- Time Registered
There is no time registered. There never has been a time registered. No form of time registration has ever taken place. However, there is a time set out or stated, or included or specified etc. in the Agreement and apparently that the start of the 1 Banking Day. Registration is simply not a process in real estate transactions.
- Confirmation of Execution
This is July 2022. The last time that a Confirmation of Execution appeared in a real estate transaction (properly, that is without error) would have been in 2007. That’s 15 years ago. There’s been plenty of time to update this clause to refer to the currently used Confirmation of Acceptance.
8 Basic Errors
These 8 basic errors in one simple clause do not speak well of the person who drafted Schedule “B”.
Whose Fault is it?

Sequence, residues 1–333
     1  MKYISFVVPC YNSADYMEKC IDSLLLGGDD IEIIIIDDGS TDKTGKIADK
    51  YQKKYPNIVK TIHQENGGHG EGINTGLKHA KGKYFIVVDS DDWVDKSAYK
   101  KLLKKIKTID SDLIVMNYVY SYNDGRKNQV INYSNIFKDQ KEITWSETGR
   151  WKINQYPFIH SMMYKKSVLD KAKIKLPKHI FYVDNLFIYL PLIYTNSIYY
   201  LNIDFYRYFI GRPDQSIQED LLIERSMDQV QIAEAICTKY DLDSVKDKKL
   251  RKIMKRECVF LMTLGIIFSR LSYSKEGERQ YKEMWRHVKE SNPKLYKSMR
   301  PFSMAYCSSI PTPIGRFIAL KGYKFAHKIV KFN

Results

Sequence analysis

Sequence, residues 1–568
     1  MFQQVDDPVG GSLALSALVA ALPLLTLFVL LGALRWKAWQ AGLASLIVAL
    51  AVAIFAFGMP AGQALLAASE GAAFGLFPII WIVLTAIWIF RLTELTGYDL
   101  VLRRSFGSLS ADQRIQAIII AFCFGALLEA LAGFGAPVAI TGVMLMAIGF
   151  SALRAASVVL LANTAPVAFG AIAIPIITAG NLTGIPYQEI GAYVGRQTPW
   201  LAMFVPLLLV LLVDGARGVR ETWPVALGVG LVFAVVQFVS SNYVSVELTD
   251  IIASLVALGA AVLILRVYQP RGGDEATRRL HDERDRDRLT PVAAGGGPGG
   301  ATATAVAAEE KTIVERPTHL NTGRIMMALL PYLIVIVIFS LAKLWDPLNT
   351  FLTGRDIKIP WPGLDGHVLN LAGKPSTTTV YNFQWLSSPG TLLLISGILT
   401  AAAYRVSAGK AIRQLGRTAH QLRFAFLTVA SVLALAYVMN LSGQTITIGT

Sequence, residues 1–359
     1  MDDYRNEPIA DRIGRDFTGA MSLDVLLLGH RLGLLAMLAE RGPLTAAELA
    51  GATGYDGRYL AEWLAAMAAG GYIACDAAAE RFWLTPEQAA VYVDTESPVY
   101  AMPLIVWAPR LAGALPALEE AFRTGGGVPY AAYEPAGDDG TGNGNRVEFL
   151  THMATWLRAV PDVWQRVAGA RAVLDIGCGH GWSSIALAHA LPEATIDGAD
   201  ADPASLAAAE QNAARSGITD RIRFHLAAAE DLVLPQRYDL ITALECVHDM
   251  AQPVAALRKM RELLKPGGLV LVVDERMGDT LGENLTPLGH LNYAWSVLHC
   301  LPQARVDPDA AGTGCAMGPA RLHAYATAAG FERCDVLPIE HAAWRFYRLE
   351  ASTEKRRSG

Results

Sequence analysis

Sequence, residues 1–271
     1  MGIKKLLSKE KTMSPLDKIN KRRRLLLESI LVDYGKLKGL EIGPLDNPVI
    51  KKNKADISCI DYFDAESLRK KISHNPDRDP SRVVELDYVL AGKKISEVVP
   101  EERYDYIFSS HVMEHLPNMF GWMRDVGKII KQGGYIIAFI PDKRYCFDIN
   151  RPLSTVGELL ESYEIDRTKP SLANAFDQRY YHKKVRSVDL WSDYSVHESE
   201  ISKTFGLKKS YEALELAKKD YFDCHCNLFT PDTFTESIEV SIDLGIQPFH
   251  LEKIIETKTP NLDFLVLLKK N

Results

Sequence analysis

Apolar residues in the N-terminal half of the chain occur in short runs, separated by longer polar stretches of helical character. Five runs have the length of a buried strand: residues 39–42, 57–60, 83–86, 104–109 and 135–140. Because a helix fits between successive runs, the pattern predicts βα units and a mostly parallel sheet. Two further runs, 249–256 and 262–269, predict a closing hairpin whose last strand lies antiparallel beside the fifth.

That’s difficult to say. There’s lots of blame to be shared around the table. This clause was poorly drafted and contained only 7 errors when it was first drafted over 12 years ago or more.
The problem was that it was never checked or reviewed by anybody. So, 15 years later, it’s still in use.
It was uploaded to the MLS system. It would be extremely doubtful that the Listing agent would ever have reviewed this document with the Seller. However, if you propose to use such a clause, you should have the Seller’s informed consent. Run it by them, run it by their lawyer and get approval of the wording before it’s uplifted to the internet.
This means certainly that the Listing agent is responsible for reading it, and understanding it. That’s unlikely, because it doesn’t make any sense. It’s also a clue that possibly some other clauses in the Schedule “B” might be suspect too.
Well, that’s good, but how did the Schedule arrive as part of the Agreement. It was downloaded, not read, printed off and attached to the Offer. So, it’s the Buyer’s agent’s fault here. You really can’t blame anyone else. It won’t be read to the Buyer, and the Buyer will likely be told that it’s “standard”.